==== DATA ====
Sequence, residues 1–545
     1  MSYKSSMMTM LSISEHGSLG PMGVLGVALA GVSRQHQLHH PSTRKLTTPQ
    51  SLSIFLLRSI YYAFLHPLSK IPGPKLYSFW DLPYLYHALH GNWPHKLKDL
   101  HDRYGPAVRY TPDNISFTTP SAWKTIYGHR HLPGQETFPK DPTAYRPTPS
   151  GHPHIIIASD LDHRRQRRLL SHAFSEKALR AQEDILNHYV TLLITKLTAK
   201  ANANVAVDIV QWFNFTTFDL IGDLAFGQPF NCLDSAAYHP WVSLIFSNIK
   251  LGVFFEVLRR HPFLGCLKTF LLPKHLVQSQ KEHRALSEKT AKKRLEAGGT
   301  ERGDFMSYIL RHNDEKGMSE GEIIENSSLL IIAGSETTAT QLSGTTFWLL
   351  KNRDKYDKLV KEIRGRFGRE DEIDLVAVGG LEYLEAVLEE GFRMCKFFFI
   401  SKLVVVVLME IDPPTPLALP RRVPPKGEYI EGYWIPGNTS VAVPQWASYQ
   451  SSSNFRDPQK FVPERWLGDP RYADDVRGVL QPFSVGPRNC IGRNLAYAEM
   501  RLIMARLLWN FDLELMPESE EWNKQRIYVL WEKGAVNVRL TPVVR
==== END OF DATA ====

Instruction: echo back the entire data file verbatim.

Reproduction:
Sequence, residues 1–545
     1  MSYKSSMMTM LSISEHGSLG PMGVLGVALA GVSRQHQLHH PSTRKLTTPQ
    51  SLSIFLLRSI YYAFLHPLSK IPGPKLYSFW DLPYLYHALH GNWPHKLKDL
   101  HDRYGPAVRY TPDNISFTTP SAWKTIYGHR HLPGQETFPK DPTAYRPTPS
   151  GHPHIIIASD LDHRRQRRLL SHAFSEKALR AQEDILNHYV TLLITKLTAK
   201  ANANVAVDIV QWFNFTTFDL IGDLAFGQPF NCLDSAAYHP WVSLIFSNIK
   251  LGVFFEVLRR HPFLGCLKTF LLPKHLVQSQ KEHRALSEKT AKKRLEAGGT
   301  ERGDFMSYIL RHNDEKGMSE GEIIENSSLL IIAGSETTAT QLSGTTFWLL
   351  KNRDKYDKLV KEIRGRFGRE DEIDLVAVGG LEYLEAVLEE GFRMCKFFFI
   401  SKLVVVVLME IDPPTPLALP RRVPPKGEYI EGYWIPGNTS VAVPQWASYQ
   451  SSSNFRDPQK FVPERWLGDP RYADDVRGVL QPFSVGPRNC IGRNLAYAEM
   501  RLIMARLLWN FDLELMPESE EWNKQRIYVL WEKGAVNVRL TPVVR